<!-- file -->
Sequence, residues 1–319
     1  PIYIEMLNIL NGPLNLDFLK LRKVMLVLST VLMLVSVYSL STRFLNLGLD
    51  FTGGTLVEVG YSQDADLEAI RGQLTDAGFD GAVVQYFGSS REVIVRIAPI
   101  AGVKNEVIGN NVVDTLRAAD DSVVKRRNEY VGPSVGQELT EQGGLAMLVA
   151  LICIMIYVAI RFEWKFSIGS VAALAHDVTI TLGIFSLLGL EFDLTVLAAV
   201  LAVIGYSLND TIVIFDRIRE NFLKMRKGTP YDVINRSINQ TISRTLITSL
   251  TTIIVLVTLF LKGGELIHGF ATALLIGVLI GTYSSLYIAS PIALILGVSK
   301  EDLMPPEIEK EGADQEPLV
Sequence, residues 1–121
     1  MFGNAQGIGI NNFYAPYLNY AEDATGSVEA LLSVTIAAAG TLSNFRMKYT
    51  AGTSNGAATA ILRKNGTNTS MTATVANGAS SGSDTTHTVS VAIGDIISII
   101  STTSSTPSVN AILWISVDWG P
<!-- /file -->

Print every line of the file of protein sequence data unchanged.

Sequence, residues 1–319
     1  PIYIEMLNIL NGPLNLDFLK LRKVMLVLST VLMLVSVYSL STRFLNLGLD
    51  FTGGTLVEVG YSQDADLEAI RGQLTDAGFD GAVVQYFGSS REVIVRIAPI
   101  AGVKNEVIGN NVVDTLRAAD DSVVKRRNEY VGPSVGQELT EQGGLAMLVA
   151  LICIMIYVAI RFEWKFSIGS VAALAHDVTI TLGIFSLLGL EFDLTVLAAV
   201  LAVIGYSLND TIVIFDRIRE NFLKMRKGTP YDVINRSINQ TISRTLITSL
   251  TTIIVLVTLF LKGGELIHGF ATALLIGVLI GTYSSLYIAS PIALILGVSK
   301  EDLMPPEIEK EGADQEPLV
Sequence, residues 1–121
     1  MFGNAQGIGI NNFYAPYLNY AEDATGSVEA LLSVTIAAAG TLSNFRMKYT
    51  AGTSNGAATA ILRKNGTNTS MTATVANGAS SGSDTTHTVS VAIGDIISII
   101  STTSSTPSVN AILWISVDWG P